Sending a strong enough signal to drive the amount of additional adoption required for the statistical power necessary to draw conclusions will be incredibly difficult and expensive. Many channels manage hundreds or even thousands of independent contractors, who in turn have many additional thousands of salespeople. Motivating both contractors and salespeople to provide this extra encouragement would be both a logistical challenge, and costly to accomplish.
Initial experience in running a RED in energy efficiency was on fully subsidized low income weatherization in a small market. Unlike highly diverse, much larger private markets, weatherization is centrally controlled, has a very defined customer, and one can apply a top down engagement strategy. In this first RED test, door knockers were paid specifically to target just the “encouragement” customers and highly motivated to get them to sign up for a free product. This very intensive and expensive approach still only resulted in a 6% encouragement rate, which was only borderline significant and insufficient to provide confidence in savings.
In the energy efficiency marketplace, customers come from all corners (but mostly from referrals) and everyone is already extremely motivated to sell. Contractors spend thousands of dollars acquiring each customer, and sales people are often offered commissions as high as 10%. So the question is, how much extra money would it take to give them enough additional encouragement to see a statically significant jump in close rate when their very livelihood requires they sell every customer all the time? The next question is, where would this money come from to encourage this to happen?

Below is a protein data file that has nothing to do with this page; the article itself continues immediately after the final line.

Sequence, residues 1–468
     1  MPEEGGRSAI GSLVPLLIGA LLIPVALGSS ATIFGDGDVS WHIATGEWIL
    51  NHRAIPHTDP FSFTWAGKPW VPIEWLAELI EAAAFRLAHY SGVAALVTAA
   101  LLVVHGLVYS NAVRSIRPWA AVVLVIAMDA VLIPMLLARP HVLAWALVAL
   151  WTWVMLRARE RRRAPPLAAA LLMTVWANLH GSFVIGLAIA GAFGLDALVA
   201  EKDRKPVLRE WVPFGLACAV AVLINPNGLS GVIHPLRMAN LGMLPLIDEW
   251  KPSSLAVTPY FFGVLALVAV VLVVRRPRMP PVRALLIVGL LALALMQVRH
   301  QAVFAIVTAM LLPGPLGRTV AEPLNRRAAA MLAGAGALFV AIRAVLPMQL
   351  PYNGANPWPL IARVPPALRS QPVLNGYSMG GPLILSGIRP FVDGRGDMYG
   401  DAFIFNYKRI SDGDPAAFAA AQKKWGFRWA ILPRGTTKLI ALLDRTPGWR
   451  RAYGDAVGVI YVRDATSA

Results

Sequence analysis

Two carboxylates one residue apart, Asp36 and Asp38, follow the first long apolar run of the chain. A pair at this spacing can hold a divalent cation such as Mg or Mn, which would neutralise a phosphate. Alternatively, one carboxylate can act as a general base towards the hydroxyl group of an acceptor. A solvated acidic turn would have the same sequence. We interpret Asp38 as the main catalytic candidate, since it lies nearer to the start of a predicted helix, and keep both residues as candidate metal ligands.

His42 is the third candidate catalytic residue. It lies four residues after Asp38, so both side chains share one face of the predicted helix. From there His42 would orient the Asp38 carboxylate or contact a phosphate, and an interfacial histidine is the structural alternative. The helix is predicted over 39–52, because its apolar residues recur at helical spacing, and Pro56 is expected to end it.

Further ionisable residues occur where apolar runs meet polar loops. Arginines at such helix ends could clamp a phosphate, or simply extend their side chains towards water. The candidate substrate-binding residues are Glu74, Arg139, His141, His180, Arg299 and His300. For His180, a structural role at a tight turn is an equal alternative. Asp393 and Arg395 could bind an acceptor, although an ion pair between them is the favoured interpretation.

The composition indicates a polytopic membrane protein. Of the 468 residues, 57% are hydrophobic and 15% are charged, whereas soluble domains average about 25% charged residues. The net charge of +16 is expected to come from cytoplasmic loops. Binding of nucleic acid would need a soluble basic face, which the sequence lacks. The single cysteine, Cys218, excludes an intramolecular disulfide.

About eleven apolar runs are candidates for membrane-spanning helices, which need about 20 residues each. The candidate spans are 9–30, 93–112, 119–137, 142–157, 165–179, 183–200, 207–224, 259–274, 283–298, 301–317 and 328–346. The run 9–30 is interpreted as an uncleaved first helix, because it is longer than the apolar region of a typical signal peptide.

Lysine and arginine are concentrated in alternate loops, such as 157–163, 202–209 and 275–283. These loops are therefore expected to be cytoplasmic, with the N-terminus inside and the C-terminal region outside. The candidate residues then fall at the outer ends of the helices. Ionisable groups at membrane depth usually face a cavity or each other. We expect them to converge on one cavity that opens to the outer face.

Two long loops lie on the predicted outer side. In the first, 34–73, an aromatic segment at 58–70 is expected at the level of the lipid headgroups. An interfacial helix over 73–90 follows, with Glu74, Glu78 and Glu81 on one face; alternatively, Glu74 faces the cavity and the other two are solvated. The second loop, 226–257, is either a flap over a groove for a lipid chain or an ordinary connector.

Unless the “encouragement” group adopts at significantly higher rates than the overall population, REDs simply won't deliver statistically significant results.
Almost as a side note. These funds would, for tax, logistical, and business reasons almost certainly have to flow through contractors to their employees, not as taxable income directly to employees from a program or government body.
So this brings up an issue of fungibility. If there is a new revenue source, and contractors are competing for customers, it is going to be next to impossible to ensure that contractors don’t improve the customer's offer to win deals. If the encouraged customer gets a different offer than those in the control group, this would undermine the validity of the trial.